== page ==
There are much more detailed expositions of the Western war propaganda available for anyone interested, written by authors much more learned and expert than I. Suffice it to say that this current culture of lies and evasiveness needs to go, and it is widely believed that the results of the recent elections are proof that a large percentage of the voting populous feel the same way.

    Hardly anyone, even George Galloway, would disagree that Saddam is an evil man, but it is frustrating that the Right suggests that this is a good reason for invading sovereign territory without clear provocation. Indeed, the worst of the human rights abuses in Iraq occured whilst Saddam was an ally of the West (another fact that is rarely discussed or recognised within mainstream media). We were apparently prepared to tolerate the murder then, so how can it be used as a justification now?

    It was clear that UK domestic opinion before the war did not want an invasion, and comments from the US indicated that Blair could have decided against joining the coalition. But in the end we did, and we seem to have bugged the UN too, in an effort to help the US ‘persuade’ (that’s doublespeak for ‘force’) other countries to join in the fray (did anyone see Blair stammer his way through that press conference at Downing Street?).

    The truth is that the US has forced us, as their ally, into a war that broke international law, and that our own Lord Chancellor is likely to have legally advised us against. We bugged our partners in Europe, we have refused to take a stand against the obscenity of Guantanamo Bay, and have even installed our own ‘Camp X Ray’ in Belmarsh Prison. The UK administration seems unprepared to recognise that the US is making an enemy of itself in the Arab world and beyond, and that we are now being tarred by the same brush. We should not consider it outside the bounds of possibility that Arabs and Iraqis see US-led wars in the same way as we saw the 9/11 attacks on America (both involve the massive loss of innocents).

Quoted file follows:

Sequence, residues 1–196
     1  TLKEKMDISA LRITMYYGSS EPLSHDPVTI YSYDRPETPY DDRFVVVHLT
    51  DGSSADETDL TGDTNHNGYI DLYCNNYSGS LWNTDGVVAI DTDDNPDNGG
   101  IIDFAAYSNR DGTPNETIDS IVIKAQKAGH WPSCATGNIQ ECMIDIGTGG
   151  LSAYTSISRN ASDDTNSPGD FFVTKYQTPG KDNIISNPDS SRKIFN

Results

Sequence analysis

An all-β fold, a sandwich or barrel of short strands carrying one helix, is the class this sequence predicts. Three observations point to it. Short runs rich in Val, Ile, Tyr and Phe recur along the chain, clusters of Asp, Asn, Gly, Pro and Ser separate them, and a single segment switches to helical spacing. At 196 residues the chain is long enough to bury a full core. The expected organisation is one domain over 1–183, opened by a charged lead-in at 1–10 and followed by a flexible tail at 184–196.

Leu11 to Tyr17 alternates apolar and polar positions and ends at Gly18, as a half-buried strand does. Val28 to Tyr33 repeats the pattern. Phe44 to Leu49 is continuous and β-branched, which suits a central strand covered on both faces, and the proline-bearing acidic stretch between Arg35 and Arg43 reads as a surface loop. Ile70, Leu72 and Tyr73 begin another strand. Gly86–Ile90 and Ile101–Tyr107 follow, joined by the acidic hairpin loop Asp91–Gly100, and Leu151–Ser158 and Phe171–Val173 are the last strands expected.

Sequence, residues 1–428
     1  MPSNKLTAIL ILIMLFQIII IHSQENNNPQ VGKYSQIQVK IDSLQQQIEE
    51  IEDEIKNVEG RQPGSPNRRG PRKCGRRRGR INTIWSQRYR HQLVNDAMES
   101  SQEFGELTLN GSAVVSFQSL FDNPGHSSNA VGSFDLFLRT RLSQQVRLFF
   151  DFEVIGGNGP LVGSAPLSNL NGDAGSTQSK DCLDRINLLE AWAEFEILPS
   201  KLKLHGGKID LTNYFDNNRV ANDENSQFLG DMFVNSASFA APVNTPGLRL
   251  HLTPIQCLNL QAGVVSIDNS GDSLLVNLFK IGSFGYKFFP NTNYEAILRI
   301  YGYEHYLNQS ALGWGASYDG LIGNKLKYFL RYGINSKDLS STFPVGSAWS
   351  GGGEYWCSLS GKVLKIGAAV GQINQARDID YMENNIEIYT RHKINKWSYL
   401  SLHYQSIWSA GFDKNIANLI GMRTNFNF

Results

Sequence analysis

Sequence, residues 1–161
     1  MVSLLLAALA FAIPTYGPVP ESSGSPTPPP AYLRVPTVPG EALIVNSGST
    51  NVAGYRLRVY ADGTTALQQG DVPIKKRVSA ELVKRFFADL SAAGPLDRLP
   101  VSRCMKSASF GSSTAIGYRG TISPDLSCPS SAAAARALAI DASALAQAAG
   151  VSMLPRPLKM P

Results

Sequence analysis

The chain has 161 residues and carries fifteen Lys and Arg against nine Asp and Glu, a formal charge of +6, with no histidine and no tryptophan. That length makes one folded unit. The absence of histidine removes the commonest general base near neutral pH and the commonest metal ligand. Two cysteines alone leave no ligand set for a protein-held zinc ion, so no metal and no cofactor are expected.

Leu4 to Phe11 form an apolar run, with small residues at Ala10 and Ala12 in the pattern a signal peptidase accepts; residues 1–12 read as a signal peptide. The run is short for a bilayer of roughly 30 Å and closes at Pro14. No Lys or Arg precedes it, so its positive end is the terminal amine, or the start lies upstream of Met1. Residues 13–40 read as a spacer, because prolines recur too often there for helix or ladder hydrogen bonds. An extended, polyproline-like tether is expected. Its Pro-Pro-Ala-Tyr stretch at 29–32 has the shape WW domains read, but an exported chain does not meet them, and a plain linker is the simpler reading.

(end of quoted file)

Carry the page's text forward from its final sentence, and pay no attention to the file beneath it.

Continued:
Our actions are actively encouraging the terrorism we are fighting. So, rather than taking a principled stand against American unilateralism, we turn ourselves into another hated icon and, potentially, a terrorist target. Partly as a result of this, we find the need to clamp down on freedom and civil liberties at home, in the same way as the US is tearing up its own Constitution.

    In hating Galloway and his party for his radical views on wanting to remove proven liars from office, you make it more acceptable for politicians to do what Blair and Bush have done. I have traditionally not been a fan of Europe (and here I hold my hands up and say I voted UKIP in ’97), but in the current climate, rejecting the EU outright pushes us closer to a right wing, religously fundamentalist, nationalistic and unilateralist America that is selfishly promoting itself as the ‘only way’.

    As much as I am uncomfortable with moving completely within Europe, I would suggest that we have to keep an open mind on it; I think it is our only feasible way to maintain a healthy distance from the US. If we were to move closer to Europe, the continuing assault on our liberties domestically would, in theory, cease, as we would then be able to position ourselves internationally as more neutral and reliant on diplomacy. This is not to say that we would never fight another war — we may have to — it is to say however that we will not be dragged into things simply because America wants us to.

    Galloway does have views which are radical for British politics — but radicalism is by definition something that will upset the status quo; it will change things massively. I have to admit I don’t agree with him on a number of issues, but I am certain that a massive change is exactly what this country needs.